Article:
The Kansas State baseball team went to TCU last weekend knowing it was running out of time to make the Big 12 tournament.
But once again, the Wildcats were swept.
A season once chalk full of expectations of making it to the College World Series has come down to a pair of do-or-die Big 12 series at home. The Wildcats (24-25, 4-11) are now down to six games and needing to likely beat out Oklahoma in the league standings to make the final spot in Oklahoma City.
The tough part about making up that ground is who K-State plays in those final six games, starting with Big 12-leader Oklahoma State at home this weekend.
The Cowboys are tied for the lead with TCU, but are coming off a weekend of sweeping Pac-12 power Arizona State.
The plus for the Wildcats is the series is at home. K-State is 15-4 at home this season and 3-3 in Big 12 play, while posting a 1-11 record on the road in league play.
“It is what it is,” K-State coach Brad Hill said. “We knew that Oklahoma State was going to be very good this year — they were my preseason pick. They’re a hot team, which it seems like every team we’re playing right now is hot. I’m glad we’ve got them at home.
“You’ve just got to look at our road record and see we’re glad to be at home.”
The series finale in Fort Worth, Texas, marked the third straight time the Wildcats have been swept on the road in Big 12 play, and the finale was one that left a sour taste in the Wildcats’ mouths. After leading the game early, K-State went on to lose 21-7.
“It was pretty low, that was pretty low,” Hill said. “We gave them a couple punches and when they punched back there wasn’t a whole lot left.”
Following the game, senior Ross Kivett delivered an impassioned speech to his teammates in the outfield, and the Wildcats seemingly responded with a 10-4 win at Wichita State on Tuesday.
“I wasn’t happy, I felt like we kind of laid down there,” Kivett said of the TCU finale. “We came back after it Monday and they showed me and we showed the staff that we’re not going to lay down and die. We’re going to play our hearts out the next six games and what happens, happens.”
It has been a tough season for a Wildcats team expected to accomplish so much. K-State returned an entire infield of All-Big 12 selections, including a pair of draft picks in Kivett and Shane Conlon.
But the team sputtered to a 1-7 start, and struggled to recover into Big 12 season.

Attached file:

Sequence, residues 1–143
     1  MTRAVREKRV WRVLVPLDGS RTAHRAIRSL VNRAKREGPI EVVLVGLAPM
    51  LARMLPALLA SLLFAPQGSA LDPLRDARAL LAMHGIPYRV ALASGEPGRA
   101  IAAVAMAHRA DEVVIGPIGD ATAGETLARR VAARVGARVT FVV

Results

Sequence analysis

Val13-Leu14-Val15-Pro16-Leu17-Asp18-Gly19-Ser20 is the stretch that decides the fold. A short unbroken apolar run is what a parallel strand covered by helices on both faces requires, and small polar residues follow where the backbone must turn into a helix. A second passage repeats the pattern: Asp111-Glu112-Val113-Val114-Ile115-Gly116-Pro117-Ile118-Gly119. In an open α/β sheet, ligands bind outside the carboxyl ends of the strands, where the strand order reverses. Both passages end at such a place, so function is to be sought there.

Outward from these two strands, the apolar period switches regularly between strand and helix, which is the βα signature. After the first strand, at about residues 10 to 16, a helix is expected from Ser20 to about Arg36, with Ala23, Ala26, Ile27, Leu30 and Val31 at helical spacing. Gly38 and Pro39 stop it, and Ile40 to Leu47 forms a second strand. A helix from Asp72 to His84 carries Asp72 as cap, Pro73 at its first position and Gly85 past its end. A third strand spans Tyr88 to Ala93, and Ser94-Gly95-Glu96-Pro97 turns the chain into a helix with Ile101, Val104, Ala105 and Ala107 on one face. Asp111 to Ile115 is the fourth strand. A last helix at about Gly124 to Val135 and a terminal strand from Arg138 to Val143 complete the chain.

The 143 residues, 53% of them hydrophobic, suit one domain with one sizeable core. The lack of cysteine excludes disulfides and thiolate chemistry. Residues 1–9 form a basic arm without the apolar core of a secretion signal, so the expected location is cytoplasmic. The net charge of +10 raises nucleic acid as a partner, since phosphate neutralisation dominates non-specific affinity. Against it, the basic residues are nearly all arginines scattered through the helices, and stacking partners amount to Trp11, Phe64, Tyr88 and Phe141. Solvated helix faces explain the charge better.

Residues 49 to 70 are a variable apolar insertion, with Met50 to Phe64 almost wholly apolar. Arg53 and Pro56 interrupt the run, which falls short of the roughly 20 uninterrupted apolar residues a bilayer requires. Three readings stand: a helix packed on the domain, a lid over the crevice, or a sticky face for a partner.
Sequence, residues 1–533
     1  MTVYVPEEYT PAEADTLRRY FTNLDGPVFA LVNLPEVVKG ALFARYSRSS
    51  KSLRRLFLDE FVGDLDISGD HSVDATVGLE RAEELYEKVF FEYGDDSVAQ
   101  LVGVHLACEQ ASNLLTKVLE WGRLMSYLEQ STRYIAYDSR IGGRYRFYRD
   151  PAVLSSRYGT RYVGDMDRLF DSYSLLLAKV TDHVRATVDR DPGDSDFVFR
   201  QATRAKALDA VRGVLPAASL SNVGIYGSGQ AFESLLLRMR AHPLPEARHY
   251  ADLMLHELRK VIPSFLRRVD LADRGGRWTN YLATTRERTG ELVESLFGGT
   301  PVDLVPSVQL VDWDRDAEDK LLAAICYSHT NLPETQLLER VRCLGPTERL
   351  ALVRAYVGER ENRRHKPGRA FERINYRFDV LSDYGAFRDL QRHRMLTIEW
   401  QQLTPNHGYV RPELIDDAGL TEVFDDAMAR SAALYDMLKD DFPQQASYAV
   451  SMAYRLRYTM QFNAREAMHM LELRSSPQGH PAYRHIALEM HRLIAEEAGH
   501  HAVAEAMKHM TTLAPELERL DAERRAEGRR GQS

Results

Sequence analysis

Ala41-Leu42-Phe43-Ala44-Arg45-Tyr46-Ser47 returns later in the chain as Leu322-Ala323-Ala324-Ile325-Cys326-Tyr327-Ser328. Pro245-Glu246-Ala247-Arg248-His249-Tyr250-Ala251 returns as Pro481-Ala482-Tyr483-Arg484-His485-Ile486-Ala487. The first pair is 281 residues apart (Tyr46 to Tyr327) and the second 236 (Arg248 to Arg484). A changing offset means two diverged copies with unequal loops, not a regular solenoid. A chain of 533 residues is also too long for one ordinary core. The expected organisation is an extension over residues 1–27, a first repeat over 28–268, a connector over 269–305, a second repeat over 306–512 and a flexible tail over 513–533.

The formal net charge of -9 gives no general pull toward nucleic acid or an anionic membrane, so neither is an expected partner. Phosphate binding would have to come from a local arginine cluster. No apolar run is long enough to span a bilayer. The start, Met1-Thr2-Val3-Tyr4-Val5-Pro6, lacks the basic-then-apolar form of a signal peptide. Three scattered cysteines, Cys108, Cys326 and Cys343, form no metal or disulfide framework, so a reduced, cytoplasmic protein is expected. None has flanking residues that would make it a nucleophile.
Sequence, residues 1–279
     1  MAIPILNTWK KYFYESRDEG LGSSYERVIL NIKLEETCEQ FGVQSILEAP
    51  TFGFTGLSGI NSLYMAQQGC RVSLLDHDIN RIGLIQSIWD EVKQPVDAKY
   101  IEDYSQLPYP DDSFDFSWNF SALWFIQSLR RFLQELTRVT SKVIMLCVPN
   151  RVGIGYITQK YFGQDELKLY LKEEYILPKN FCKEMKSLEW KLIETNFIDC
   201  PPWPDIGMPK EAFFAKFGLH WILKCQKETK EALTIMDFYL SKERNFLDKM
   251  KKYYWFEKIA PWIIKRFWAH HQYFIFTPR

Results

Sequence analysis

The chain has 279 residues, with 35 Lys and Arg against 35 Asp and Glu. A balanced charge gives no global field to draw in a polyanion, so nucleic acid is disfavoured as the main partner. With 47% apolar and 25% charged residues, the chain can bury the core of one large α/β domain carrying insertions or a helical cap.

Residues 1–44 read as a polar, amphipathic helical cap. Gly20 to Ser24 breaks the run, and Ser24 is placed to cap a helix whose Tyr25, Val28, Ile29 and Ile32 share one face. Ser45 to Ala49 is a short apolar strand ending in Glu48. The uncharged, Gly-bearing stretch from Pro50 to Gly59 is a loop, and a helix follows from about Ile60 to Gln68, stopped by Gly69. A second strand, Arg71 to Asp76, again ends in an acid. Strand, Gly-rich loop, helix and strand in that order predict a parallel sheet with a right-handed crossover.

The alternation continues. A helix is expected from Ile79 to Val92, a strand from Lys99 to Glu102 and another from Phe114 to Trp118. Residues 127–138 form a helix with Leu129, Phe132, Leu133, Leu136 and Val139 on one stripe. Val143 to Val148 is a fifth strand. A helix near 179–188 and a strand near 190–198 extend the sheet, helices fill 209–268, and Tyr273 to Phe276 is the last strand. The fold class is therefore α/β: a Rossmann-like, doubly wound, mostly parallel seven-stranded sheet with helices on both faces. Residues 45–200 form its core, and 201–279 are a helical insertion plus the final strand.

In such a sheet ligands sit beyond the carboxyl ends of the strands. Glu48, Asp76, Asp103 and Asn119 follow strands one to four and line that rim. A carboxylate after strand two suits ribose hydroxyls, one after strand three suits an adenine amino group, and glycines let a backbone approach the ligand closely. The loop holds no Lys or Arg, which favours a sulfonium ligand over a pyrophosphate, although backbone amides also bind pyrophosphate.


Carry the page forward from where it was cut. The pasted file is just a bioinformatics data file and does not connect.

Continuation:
Still, even with four wins in league play, the Wildcats are just two games out of the final spot for the league tournament, and the Sooners play both TCU and Oklahoma State in the final two weeks.
“It’d be a great accomplishment,” Hill said of the chance to make the Big 12 tournament. “Where we’re at right now and the position we’re in right now, playing two of the top three teams in the league, we’ve got our work cut out for us. But I’m not putting it past these guys. We know what they can do, unfortunately we’ve seen it in short periods of time. We’re still not out of it.”
The Wildcats will play Texas in their final series, also at home, which slipped from fourth to sixth in the league standings last weekend. Still, Hill said he knows no one is expecting his team to win either series.
Kivett said they plan to play both series like there’s nothing to lose, and that’s been the motto for the last two weeks. Senior RJ Santigate said they’re aware the Big 12 tournament is within reach.
“We know it’s there, we just got to be as loose as we possibly can,” he said. “That’s the big thing, and know we have nothing to lose. Coming into this year you had a lot of expectations, those are kind of gone now, so hopefully we can breathe and really just take advantage the next six games.”
Senior Blair DeBord said before the season started they knew they had the pieces in place to accomplish something pretty special. But a few key injuries in the pitching staff left K-State young and inexperienced in its bullpen. And the ball hasn’t bounced the Wildcats’ way too often this season.
Even if the Wildcats win their way into the Big 12 tournament, and could win-out into an NCAA regional, the chances of hosting diminished long ago.
Still, Hill said this will always be a special senior class, after what they did for the program last year.
“They’ve been able to provide some things for Kansas State baseball that hasn’t been accomplished,” he said. “They’ve been a big part of that, and great examples for us to go back and use and utilize.”